Artifact is one of the more infamous videogame bombs of recent years: Designed for Valve by the creator of Magic: The Gathering—basically a guaranteed recipe for a hit—it flamed out spectacularly, from a peak concurrent player count of more than 46,000 in December 2018 to less than 1,000 just three months later, and only 210 over the past 30 days.
We dug into the reasons for Artifact's failure earlier this year. The underlying game is actually pretty good, but it's intimidating and too complicated for new players and viewers, and its monetization is unappealing for some. Unlike Hearthstone and Gwent, Artifact has a $20 upfront price, and cards can be sold and purchased on the Steam Community Market. Even though Hearthstone can be very expensive if you're trying to build a good deck quickly, paying $20 and then another $20 or more for an important card (they're cheaper now) didn't sit well with everyone.
We said at the time that if Valve was going to take steps to save Artifact, "it needs to happen soon." Instead, it's done nothing, and the numbers tanked even harder in the months since then.
In a recent interview with Eurogamer (opens in new tab), designer Richard Garfield acknowledged the raft of complaints but also defended the game, saying "there's demonstrable information to the contrary" regarding what unhappy players thought about it.
"So, for example, when players complain about the luck in the game, there is demonstrably more skill in this game than in any other digital trading card game as measured by the Elo rating that players achieve. So there's this complaint but there's this black and white contradiction to it," Garfield said.
"For people complaining about the price, there's a complaint about how much money it costs, but there's a black and white contradiction in the sense that if you want to be competitive in a game like say Hearthstone or Magic, you have to pay far more."
Co-designer Skaff Elias expressed similar sentiments. He acknowledged that there were relatively few balance changes made to Artifact during the closed beta period but said that's because the game was "very balanced" to begin with.
"We didn't want to push the community to preconceived notions because then that kind of spoils the value of the test," said Elias. "So, you kind of let them play around with stuff and then they'll say 'Oh, this thing here is too good.' And then you kind of know, on the back-end, that it's not, because you've been through that before, you've played that."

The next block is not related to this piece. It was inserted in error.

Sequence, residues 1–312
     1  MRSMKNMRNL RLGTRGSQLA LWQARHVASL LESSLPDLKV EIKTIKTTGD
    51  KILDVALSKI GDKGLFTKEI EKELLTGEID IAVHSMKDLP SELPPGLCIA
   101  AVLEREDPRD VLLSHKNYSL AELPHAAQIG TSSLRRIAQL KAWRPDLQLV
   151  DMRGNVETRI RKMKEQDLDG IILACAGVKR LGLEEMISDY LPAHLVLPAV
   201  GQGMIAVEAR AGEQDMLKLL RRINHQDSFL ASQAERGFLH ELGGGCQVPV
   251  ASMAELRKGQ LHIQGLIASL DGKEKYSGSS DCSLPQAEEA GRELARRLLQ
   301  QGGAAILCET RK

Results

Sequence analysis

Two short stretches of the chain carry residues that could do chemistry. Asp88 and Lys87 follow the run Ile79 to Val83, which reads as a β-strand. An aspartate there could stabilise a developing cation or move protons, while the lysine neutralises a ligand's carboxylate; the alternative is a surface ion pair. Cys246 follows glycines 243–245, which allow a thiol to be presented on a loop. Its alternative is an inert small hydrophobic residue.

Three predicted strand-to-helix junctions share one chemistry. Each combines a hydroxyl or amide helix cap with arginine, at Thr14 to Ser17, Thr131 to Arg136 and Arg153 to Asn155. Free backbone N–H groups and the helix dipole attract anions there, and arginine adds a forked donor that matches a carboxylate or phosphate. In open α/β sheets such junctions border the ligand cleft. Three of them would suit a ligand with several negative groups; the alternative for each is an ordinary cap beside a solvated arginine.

"So that would continuously happen throughout the beta. Some people would say they don't like this, and other people would say they do like that, you know, there was a lot of mixed results. In the end, the balance from our perspective was very much in-line with what we would expect from a trading card game."
Garfield also criticized Valve for not doing enough to combat perceptions of Artifact, saying that Valve relies too heavily on its players to "drive their marketing."
"I think that at some point, you have to take control of that yourself," he said. "They have some very positive messages there and very positive things in their game design and they're being sort of misrepresented by a lot of the player community."
The big question now is whether Artifact can be saved—and more to the point, whether Valve wants to make the effort. Both Garfield and Elias parted ways with Valve shortly after the release of Artifact, and while Garfield said at the time that they "have offered our feedback and advice in an ongoing gratis capacity simply because we would like to see the game do as well as we think it can," it sounds like he's had a change of heart since then.
"Personally, I'm interested in designing new games or expanding old games," he said. "I don't want to be involved in damage control and figuring out how to find an audience for this game. I think the underlying game is excellent and original. It gives the player something new. So in that sense, since there's something there to offer the player, I think it's possible to save it. Since Valve is a smart company with lots of smart people working there, I think that it's possible they can do that. Will they? It's hard to say."
The signs so far are not encouraging. Valve's most recent update came at the end of March, more than three months ago, when it described Artifact as "the largest discrepancy between our expectations for how one of our games would be received and the actual outcome," and said that it had decided to scrap its planned schedule of updates and new cards in favor of an undefined "process of experimentation and development" aimed at overhauling the entire game.